Tough situation to be in.
Last week the Globe ran a glowing profile of GTI Properties, a developer in the South End of Boston, who has done a lot of good work renovating properties over the past decade (and longer).
One of the company’s employees made an inappropriate comment that pretty much negated any goodwill generated from the article.
In this week’s Globe, the employee tries to make amends:
While I was pleased to read the Sunday Globe’s article on our SoWa neighborhood here in the South End (“Call it ‘Mario’s Village,’ ” Real Estate, June 3), I was greatly taken aback to see one comment of mine from a 45-minute conversation highlighted: “When you turn on the lights, the roaches scatter.” The juxtaposition of this quote with a paragraph discussing homelessness made it sound like my quoted reference was to the homeless. But that was not my intent.
Those of us familiar with this neighborhood’s history know that in the not-too-distant past, it was a very different place — a place where you could easily encounter people engaged in every manner of criminal pursuit including drugs, prostitution, and theft. It was to those people that I meant to refer, and “turning on the lights” has brought life and new businesses and residences to our neighborhood, eliminating the dangers of the past.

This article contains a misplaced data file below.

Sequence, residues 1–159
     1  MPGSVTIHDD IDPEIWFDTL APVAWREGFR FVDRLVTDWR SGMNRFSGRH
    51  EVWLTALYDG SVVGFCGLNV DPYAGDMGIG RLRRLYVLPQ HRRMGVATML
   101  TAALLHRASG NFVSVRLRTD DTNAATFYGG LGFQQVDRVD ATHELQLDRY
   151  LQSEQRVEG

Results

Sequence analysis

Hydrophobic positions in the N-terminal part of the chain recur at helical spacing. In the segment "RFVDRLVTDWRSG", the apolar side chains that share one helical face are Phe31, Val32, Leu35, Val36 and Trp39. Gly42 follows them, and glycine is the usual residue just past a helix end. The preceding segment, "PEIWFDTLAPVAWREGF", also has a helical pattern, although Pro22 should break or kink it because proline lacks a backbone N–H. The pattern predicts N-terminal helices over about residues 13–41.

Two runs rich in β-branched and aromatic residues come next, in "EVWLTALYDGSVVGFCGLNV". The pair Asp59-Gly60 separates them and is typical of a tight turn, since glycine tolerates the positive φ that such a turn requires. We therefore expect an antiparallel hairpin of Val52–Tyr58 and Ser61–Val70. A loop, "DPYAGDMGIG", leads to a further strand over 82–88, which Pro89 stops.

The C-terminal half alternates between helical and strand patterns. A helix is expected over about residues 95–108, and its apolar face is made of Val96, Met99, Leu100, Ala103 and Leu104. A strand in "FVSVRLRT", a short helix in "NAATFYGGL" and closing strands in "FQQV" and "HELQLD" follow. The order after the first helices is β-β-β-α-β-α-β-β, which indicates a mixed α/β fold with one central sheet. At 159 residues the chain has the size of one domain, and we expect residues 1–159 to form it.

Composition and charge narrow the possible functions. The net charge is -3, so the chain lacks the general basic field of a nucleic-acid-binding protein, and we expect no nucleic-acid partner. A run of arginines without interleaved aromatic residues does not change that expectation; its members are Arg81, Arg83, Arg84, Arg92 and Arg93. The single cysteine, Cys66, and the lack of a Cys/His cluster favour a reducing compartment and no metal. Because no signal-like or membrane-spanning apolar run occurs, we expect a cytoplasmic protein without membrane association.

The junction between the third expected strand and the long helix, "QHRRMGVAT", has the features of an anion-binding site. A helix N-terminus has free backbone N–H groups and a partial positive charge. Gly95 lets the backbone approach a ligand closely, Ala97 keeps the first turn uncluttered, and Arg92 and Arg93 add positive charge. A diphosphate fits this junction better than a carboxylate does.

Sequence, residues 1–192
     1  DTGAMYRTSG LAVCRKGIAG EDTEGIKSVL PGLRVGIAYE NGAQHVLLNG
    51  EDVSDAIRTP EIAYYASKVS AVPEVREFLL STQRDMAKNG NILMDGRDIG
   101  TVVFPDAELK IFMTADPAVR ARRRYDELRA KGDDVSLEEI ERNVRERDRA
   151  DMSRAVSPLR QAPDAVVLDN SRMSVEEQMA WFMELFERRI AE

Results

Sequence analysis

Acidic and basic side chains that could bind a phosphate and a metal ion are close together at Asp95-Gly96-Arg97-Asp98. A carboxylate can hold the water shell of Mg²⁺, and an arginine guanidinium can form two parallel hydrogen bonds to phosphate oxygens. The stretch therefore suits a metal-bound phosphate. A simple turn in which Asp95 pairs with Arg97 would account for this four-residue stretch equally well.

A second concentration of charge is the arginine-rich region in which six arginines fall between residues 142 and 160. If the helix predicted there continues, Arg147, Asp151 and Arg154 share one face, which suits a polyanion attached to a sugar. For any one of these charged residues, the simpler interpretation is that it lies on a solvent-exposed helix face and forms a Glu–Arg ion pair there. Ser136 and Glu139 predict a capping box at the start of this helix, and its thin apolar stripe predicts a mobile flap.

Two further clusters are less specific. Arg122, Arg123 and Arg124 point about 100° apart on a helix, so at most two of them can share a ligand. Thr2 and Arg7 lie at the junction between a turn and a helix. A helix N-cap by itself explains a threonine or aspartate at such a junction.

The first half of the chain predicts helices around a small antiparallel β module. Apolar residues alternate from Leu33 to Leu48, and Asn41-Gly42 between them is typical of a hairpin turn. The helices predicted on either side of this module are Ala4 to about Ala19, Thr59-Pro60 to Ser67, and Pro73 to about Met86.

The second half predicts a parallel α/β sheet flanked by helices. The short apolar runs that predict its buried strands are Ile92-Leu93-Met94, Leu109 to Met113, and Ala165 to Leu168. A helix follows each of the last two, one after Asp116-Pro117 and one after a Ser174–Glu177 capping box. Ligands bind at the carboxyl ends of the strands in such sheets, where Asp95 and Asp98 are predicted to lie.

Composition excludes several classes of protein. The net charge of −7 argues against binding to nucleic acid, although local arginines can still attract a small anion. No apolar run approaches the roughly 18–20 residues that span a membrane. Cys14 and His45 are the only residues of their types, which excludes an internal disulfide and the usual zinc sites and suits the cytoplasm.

One of the most precious things about the rejuvenation of the SoWa district is that no one was displaced by improvement of the area — mostly vacant lots and abandoned buildings.
The South End is nothing if not diverse. All manner of good people coexist here including the homeless at the Pine Street Inn, and I took pains in the interview to point out that they do not engage in any of the criminal behavior that turning on the lights has banished.
John J Kiger
Leasing Director, GTI Properties
I am willing to cut this guy some slack. No doubt, Mr Kiger made a comment that was best left unsaid, but he also said a lot of good stuff. And, again, the good they’ve done outweighs the comment that was made, by far.
Source: Pine Street Inn’s neighbors – The Boston Globe